“So long as I do not firmly and irrevocably possess the right to vote, I do not possess myself. I cannot make up my mind — it is made up for me. I cannot live as a democratic citizen, observing the laws I have helped to enact — I can only submit to the edict of others.” – Martin Luther King Jr.
In 1957, Dr. Martin Luther King Jr. stood alongside fellow prominent civil rights leaders on the steps of the Lincoln Memorial, sharing the significance of voting rights during his speech, “Give us the Ballot.” Throughout his life, Dr. King was a crusader for racial justice, while remaining steadfast in his mission of advocating for equal access to the ballot. As we approach the 2022 Midterm Election cycle, we reflect on sentiments from his speech that still ring true today.
April 4, marks the 54th anniversary of Dr. King’s assassination, a date that coincides this year with the final day of voter registration for Ohio’s upcoming primary on May 3. More than five decades after his death, communities across the country are still facing an uphill battle in the path to voter accessibility. During 2021, at least 19 states passed legislation creating barriers to voting, according to the Brennan Center for Justice. These anti-voter laws happening across the country are especially prevalent in the South and intend to disenfranchise historically marginalized groups, specifically Black voters. In addition to negatively impacting voters of color, voter-suppression laws also most prominently affect young voters, voters with a disability, and voters with a past criminal conviction.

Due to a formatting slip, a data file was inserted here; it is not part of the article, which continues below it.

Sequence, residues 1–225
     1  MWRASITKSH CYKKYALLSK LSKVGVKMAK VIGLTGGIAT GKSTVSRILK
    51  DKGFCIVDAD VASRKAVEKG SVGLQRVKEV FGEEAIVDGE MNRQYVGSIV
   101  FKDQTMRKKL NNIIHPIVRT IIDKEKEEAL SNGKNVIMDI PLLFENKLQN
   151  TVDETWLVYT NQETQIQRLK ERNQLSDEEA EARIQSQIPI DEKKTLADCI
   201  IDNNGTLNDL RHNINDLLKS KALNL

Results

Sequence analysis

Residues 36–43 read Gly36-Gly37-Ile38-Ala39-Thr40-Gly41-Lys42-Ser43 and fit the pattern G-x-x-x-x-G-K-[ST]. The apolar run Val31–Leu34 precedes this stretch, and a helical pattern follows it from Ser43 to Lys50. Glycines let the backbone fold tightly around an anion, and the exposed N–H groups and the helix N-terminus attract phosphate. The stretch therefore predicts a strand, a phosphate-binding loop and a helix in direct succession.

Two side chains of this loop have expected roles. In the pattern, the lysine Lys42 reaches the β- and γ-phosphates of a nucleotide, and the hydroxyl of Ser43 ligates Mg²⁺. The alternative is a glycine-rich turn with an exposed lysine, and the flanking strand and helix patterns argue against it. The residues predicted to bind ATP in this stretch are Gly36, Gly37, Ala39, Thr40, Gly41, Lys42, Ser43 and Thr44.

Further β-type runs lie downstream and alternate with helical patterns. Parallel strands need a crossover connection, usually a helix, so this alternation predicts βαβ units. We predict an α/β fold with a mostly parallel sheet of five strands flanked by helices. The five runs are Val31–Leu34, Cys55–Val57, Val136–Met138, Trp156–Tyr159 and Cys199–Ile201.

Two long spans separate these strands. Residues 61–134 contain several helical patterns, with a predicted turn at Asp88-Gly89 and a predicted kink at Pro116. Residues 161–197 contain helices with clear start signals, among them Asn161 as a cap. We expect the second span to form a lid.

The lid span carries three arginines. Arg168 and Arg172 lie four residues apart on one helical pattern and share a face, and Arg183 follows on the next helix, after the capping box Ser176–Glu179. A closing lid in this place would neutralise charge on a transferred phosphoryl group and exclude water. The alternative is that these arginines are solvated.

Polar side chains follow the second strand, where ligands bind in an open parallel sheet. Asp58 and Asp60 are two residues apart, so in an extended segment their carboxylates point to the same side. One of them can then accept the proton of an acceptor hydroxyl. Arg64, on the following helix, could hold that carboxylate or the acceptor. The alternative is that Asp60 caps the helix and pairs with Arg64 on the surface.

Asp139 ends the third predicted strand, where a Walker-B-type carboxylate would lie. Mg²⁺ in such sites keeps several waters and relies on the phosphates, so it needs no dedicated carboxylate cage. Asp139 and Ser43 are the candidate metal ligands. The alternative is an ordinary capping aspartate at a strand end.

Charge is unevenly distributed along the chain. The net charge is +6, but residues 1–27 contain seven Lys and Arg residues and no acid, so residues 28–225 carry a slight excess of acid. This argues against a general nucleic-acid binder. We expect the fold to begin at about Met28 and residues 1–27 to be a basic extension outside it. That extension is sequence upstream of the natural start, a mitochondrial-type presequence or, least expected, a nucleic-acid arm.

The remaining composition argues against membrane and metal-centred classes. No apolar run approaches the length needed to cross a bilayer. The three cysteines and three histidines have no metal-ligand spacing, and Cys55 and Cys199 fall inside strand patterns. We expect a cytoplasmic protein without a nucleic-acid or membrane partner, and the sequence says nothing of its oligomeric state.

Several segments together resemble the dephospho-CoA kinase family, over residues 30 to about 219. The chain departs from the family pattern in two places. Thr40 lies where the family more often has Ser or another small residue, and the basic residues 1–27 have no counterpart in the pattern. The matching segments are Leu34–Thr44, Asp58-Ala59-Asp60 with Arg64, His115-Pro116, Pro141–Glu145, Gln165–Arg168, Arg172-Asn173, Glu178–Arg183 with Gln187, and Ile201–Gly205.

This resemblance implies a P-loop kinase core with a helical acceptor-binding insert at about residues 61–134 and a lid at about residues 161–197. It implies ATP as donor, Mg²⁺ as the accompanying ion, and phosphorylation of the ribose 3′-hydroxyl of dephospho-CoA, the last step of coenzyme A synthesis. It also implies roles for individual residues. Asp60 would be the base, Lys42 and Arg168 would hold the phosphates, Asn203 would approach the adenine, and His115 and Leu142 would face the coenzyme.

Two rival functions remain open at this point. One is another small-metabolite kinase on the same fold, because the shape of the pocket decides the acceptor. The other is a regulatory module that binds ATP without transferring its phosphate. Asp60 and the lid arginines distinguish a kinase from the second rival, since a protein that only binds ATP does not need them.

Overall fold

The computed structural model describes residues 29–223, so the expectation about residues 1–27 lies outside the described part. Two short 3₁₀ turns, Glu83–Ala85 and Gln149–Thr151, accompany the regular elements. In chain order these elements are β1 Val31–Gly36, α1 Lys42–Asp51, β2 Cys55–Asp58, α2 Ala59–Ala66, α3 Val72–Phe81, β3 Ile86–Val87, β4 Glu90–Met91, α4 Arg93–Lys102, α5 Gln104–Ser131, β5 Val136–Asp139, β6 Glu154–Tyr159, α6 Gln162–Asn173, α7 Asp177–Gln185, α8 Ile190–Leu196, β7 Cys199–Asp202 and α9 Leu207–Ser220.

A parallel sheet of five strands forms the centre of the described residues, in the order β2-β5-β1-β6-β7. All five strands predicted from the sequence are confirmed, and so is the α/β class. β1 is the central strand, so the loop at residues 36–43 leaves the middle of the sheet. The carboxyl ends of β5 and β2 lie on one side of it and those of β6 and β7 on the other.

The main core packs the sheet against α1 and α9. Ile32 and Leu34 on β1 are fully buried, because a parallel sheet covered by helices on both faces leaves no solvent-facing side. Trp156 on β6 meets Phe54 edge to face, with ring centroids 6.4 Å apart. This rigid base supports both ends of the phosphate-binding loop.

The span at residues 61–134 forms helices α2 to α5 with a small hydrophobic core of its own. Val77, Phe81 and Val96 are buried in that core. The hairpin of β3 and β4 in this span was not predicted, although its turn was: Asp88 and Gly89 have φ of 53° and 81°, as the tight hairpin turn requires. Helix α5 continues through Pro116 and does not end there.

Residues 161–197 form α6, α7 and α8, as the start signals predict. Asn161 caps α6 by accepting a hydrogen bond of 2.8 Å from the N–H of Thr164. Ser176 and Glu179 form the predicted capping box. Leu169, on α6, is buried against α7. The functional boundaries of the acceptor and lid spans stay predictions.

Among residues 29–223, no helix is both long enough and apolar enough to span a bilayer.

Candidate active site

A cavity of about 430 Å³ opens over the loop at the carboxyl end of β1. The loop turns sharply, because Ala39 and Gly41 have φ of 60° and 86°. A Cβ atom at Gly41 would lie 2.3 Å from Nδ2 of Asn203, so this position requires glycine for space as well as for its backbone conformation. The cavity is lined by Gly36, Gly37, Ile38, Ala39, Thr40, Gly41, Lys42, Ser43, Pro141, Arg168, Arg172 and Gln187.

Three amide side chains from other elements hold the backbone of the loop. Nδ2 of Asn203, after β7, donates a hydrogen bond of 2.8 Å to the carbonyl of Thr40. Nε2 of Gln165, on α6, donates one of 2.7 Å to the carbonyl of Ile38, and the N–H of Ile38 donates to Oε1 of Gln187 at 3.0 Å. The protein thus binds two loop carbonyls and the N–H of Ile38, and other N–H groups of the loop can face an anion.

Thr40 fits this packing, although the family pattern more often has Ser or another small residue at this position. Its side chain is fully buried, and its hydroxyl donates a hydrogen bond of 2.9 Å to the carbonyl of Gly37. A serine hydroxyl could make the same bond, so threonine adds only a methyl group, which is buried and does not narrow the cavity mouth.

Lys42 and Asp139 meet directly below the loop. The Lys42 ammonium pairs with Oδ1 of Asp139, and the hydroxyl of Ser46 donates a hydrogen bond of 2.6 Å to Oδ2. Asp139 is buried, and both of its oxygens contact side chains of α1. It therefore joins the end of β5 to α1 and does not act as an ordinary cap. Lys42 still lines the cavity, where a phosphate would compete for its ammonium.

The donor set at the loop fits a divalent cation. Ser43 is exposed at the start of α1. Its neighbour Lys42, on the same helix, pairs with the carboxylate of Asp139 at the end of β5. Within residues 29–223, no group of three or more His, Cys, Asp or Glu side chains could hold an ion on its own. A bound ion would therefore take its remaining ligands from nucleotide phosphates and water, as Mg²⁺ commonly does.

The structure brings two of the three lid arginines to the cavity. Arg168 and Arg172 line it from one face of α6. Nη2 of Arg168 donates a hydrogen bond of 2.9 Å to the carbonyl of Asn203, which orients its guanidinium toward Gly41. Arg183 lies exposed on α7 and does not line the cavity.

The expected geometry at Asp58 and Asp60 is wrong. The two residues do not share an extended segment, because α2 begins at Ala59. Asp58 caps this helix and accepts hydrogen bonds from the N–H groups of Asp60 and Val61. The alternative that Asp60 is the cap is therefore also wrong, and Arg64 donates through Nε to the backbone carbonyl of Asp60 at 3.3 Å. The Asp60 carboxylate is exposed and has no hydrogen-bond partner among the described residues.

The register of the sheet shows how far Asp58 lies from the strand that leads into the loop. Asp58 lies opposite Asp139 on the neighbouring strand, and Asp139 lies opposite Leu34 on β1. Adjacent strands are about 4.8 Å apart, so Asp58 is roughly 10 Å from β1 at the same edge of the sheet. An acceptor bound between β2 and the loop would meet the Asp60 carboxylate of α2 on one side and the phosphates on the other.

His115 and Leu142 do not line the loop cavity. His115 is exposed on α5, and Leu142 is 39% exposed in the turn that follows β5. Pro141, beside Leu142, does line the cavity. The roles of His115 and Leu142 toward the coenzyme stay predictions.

Ohio is not immune to this harmful legislation; in fact, Republican lawmakers have introduced bills including HB 387 and HB 294 that aim to strip away key early voting measures, such as limiting ballot drop boxes – or nixing them entirely – and reducing the amount of days individuals can vote early. Rather than strengthening voter engagement and building access to our democratic system, anti-voter legislation can often deter citizens from participating in their civic duty, while preying on the vulnerabilities of rural and underrepresented communities.
As we commemorate the life and legacy of Dr. King on April 4, the day also serves as a reminder that the systemic transformations he dedicated his life to have been so viciously denigrated and we must continue his fight. By voting in every primary and election each year, we not only take hold of our own autonomy and the laws we abide by, as Dr. King avowed, but we also utilize our voice to vote for the future and success of others. The Ohio Statehouse still holds immense possibility for a more progressive, equitable society within our state, ranging from the anti-discriminatory Ohio Fairness Act and the chance to reform our broken cash bail system, to fervent efforts to join 23 other states and finally abolish the death penalty.
While Ohio’s disappointing ongoing redistricting process has caused some to feel that our democracy is on shaky ground, now more than ever is the time ensure our right to vote remains secure. To honor Dr. King and to honor your neighbor, hold on tight by taking the time to register to vote or check your voter registration and polling location. The opportunity for a better Ohio begins at the ballot.